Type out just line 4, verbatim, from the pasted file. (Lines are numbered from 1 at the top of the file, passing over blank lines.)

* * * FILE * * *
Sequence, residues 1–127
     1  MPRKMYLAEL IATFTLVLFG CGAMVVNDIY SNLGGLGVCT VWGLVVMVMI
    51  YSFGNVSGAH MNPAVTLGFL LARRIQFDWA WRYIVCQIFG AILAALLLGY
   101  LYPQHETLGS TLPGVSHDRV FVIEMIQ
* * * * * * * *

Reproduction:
   101  LYPQHETLGS TLPGVSHDRV FVIEMIQ